Filing Deadline: May 18
Nov. 4, 1998 Democratic Sen. Harry M. Reid held off a tough challenge by Republican Rep. John Ensign to win a third term in the Senate. The Associated Press did not declare a winner in the race until early this afternoon.
Issues: The candidates met in an Oct. 19 radio debate, in which Reid slammed Ensign for changing his position on Social Security and called his legislation on work for federal prisoners unnecessary. Ensign said he wants to keep lawmakers from balancing the budget with Social Security funds.
Ensign introduced a protection plan for managed care patients in June that he said was agreeable to HMOs. Reid noted that Ensign led the House in accepting PAC donations from HMOs. Reid, on the other hand, ranked third among his Senate colleagues who take money from the managed health care industry.
Reid focused on local concerns, including the nuclear waste disposal site at Yucca Mountain. Both candidates opposed the interim site, which could operate for as long as 20 years before the permanent location is finished.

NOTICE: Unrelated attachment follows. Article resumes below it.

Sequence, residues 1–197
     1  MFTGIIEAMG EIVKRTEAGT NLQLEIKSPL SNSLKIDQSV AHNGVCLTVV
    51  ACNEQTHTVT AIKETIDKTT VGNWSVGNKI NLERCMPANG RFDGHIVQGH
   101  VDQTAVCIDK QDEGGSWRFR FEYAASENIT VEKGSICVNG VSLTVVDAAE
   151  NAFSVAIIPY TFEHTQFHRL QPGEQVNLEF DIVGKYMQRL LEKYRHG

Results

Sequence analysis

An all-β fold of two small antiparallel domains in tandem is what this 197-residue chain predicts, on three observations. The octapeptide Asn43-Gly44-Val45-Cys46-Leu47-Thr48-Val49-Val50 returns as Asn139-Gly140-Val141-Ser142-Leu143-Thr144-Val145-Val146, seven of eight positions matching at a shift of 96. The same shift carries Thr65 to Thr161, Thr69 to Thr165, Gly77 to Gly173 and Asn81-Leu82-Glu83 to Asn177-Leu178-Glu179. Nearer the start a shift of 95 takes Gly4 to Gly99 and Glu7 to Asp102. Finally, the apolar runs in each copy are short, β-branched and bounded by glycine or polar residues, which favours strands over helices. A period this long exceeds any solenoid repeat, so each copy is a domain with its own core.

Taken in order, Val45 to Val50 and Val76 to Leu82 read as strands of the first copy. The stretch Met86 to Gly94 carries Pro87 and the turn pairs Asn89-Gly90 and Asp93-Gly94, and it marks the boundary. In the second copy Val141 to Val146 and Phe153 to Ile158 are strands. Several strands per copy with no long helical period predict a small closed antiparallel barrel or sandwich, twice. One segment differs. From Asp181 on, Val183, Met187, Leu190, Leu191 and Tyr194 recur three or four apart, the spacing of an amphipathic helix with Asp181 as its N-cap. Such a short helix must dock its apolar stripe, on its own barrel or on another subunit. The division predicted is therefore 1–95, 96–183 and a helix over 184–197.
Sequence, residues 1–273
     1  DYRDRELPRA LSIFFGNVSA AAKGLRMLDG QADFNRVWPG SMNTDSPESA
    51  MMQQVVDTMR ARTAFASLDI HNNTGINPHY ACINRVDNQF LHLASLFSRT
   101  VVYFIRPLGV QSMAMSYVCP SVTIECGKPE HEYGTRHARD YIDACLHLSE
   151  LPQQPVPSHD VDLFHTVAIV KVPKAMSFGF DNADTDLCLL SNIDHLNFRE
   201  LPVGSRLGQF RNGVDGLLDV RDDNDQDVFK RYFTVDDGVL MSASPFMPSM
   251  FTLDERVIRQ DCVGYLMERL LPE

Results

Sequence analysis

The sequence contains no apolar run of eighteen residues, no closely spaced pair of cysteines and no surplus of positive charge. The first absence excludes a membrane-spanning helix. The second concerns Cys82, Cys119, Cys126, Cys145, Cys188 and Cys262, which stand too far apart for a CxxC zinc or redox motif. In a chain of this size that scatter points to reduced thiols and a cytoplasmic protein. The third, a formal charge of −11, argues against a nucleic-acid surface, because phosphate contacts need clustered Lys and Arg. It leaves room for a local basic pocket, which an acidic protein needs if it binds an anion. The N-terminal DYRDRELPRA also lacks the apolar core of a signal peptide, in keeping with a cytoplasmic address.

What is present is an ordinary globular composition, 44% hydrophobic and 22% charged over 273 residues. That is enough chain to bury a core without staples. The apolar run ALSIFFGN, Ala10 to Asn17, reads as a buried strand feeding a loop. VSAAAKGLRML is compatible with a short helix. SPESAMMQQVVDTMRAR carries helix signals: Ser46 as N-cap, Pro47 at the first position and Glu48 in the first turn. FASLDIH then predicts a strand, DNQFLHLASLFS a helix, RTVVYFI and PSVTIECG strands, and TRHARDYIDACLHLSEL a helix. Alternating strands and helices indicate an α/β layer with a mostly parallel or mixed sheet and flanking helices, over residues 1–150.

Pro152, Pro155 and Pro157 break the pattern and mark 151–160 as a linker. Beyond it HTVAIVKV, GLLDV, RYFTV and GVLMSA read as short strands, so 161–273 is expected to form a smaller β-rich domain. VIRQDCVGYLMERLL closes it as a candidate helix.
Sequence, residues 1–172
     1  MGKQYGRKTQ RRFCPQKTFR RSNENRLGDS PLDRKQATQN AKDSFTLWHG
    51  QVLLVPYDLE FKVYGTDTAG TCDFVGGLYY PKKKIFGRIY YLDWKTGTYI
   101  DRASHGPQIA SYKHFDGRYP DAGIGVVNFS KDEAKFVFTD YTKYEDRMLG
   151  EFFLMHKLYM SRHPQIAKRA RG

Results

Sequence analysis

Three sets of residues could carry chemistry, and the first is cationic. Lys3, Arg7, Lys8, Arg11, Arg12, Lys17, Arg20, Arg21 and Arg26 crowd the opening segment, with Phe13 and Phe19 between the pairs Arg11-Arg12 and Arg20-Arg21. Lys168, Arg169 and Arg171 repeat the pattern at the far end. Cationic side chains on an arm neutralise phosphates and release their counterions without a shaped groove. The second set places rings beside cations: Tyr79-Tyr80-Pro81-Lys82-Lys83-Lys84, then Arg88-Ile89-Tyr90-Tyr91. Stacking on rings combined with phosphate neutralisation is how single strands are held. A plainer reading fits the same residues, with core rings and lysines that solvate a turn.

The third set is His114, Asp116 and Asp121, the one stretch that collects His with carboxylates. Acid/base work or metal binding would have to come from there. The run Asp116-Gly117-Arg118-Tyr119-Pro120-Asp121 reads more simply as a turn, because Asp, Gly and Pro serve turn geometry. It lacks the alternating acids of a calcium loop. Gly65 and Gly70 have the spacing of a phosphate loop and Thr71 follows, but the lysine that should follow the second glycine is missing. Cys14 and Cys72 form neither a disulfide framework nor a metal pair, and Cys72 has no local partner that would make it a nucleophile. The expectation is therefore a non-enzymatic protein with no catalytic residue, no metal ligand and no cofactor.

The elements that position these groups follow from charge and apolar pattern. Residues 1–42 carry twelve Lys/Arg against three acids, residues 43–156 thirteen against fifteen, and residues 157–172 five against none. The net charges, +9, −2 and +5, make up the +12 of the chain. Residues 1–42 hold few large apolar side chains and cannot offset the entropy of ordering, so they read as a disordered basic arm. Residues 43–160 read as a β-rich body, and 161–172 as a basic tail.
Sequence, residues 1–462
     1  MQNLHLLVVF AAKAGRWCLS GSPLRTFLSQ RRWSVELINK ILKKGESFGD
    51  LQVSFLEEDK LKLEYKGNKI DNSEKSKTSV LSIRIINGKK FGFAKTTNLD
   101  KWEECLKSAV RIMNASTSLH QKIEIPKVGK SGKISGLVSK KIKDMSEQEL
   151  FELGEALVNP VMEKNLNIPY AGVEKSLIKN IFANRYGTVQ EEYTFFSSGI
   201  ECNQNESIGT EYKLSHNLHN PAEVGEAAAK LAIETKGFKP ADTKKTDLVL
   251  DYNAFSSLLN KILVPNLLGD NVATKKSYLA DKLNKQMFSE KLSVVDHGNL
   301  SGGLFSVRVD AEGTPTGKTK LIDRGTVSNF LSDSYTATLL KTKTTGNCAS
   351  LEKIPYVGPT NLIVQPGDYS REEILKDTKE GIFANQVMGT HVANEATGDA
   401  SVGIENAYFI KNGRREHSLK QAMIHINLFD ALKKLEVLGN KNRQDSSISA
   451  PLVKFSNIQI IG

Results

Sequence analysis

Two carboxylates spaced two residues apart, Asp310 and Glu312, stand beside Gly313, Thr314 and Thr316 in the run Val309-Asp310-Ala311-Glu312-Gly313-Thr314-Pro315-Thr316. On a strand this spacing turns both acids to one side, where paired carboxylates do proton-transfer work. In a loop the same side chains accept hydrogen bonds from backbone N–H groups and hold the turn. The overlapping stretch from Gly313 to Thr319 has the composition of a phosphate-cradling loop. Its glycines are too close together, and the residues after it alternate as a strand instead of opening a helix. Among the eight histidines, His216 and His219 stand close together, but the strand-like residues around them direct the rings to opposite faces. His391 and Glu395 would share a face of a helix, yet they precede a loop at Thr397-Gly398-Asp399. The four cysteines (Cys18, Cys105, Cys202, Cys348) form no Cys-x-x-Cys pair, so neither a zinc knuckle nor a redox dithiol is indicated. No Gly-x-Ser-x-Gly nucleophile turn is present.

In addition, Nevada's powerful gaming industry was torn between Reid, a former Nevada Gaming Commission chairman, and Ensign, who once worked as a casino manager.
Fund-Raising: Reid started the campaign with more money than Ensign, but they ended up with similar-sized war chests. According to mid-October reports from the Federal Election Commission, Reid amassed about $4.4 million and had about $270,000 in cash on hand. Ensign raised about $3 million and reported about $360,000 in cash on hand.
Polls: A poll conducted in late October by Mason-Dixon Political/Media Research showed Reid and Ensign locked in a statistical dead heat among likely voters. Reid got 47 percent to Ensign's 45 percent, with a 3.5 percent margin of error. Eight percent of respondents said they were undecided.
Advertising: As the race tightened, both candidates backed away from negative ads. Ensign's latest spot focused on his veterinary experience and quoted praise from Time magazine and Democratic Gov. Bob Miller. An earlier Ensign ad touting his crime bill infuriated several minority groups, who said it unfairly depicted minorities as criminals. Reid's newest ad focused on his fight against nuclear waste in Nevada. Reid and Ensign lobbed negative ads back and forth in early October, focusing more on character than issues.
Susan Heavey, washingtonpost.com
Susan Heavey can be reached at firstname.lastname@example.org
© Copyright 1998 The Washington Post Company
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